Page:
Araminta


Araminta was always the love of my life and I hers for a time, I believe, but then it stopped. As teenagers we would run across the rocks of the Cornish beach year after year and adventures of the youthful kind was our reason for being, laced in late adolescence with poetry, a shared love of the blues and our first kiss.

Still, as we entered our twenties there was a growing difference between us: I loved “Awareness”, and felt life was nothing but a single moment experienced in different guises, are you still with me, while Araminta’s interests were possibly more grounded and certainly material.

We both came from families “down on their luck” and she felt she must use her beauty and her wit to secure a more comfortable future while she had youth to spend. She met Stephen, a worthy man and kindly, about whom we both laughed when we first met him: we were too young then to understand the value of kindness. He was clearly struck by her, and she by his lifestyle, so that my imploring her not to waste her life being over careful or strategic went unheeded: I think she grew to love him over time.

I was at their wedding because that was expected, but soon afterwards we began to drift apart. I went to university and she to the south of France where his family had a villa. Years passed during which I sought to demonstrate the power of the written word in five or six largely unread novels prompting my mother to say in a moment of encouragement “You can’t keep a good man down” to which I replied, “Perhaps I’m not a good man” making us both laugh: my mother always had a sense of humour.

I passed my life scratching a living from one unfulfilling job after another while maintaining my selfless loyalty to the well-turned phrase and the beauty of existence , keeping my faith alive with just enough “Moments of recognition”, to justify the sacrifice and so it continued into middle age.

Recently, we met it again by chance, in a hotel lobby where she was standing when I walked in to deliver a parcel. I looked very different, I am sure, but still our eyes met in recognition and she came over to me, full of warmth tinged with a sadness and said, “Still the romantic then?” and I replied, without sourness I hope, “I have integrity if nothing else” and she said, “Does it keep you warm” and I laughed and said, “What do you think?” and she said “Thinking is too dangerous.”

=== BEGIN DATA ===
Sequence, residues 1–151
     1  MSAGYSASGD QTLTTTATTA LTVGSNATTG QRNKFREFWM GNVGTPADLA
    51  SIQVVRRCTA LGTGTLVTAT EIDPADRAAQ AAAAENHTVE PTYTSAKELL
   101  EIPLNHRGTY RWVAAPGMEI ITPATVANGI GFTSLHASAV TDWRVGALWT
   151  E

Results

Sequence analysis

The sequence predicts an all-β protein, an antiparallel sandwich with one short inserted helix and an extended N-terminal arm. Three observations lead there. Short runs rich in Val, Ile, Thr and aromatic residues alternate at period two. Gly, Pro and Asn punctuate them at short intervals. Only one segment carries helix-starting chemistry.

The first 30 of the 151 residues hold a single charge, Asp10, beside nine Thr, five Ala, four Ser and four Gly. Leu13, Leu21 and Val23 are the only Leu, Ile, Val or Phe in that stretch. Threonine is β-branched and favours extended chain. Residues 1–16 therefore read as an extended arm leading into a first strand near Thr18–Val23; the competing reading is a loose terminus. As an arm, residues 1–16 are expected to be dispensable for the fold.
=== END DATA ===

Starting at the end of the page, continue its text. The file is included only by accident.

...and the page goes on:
There you have it, for me at least: the magic and the repartee which would always bind us. She might love me, but not the cost of me yet I like to believe I was her knight, albeit without armour, and she will always be my angel without wings.

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About Peter Wells aka Countingducks

Trying to remember what my future is
This entry was posted in childhood, creative writing, Fiction, humour, Love, Peter Wells, Relationships, Uncategorized and tagged , , , , , , . Bookmark the permalink.

7 Responses to Araminta

  1. mikesteeden says:

    You conjure words that champion the defeated in life with considerable panache, Peter

    Like

  2. Ooo. I LOVE that last paragraph.

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  3. The futures we conjure in our imaginations always outweigh the realities, I feel. Sometimes dreams are best left as dreams. Sensitively written, Peter.

    Like

  4. Al says:

    This story reminded me of one of Dan Fogelberg’s great hits “Auld Lang Syne” (https://www.youtube.com/watch?v=OYIWeow6W14) Has the same bittersweet flavor. Good stuff as always.

    Like

  5. nelle says:

    Sometimes greater risk carries greater reward, even within relationships. If only they found a way to explore their wild side. 🙂

    Like

  6. ksbeth says:

    i do believe that had something valuable to offer each other. it is sad that they couldn’t find their balance together, each bringing the other a bit of what they had to share and each realizing their best self because of it. like a good pot luck dinner with lots of variety and a chance to try new things without fear. everyone bringing their best to the table.

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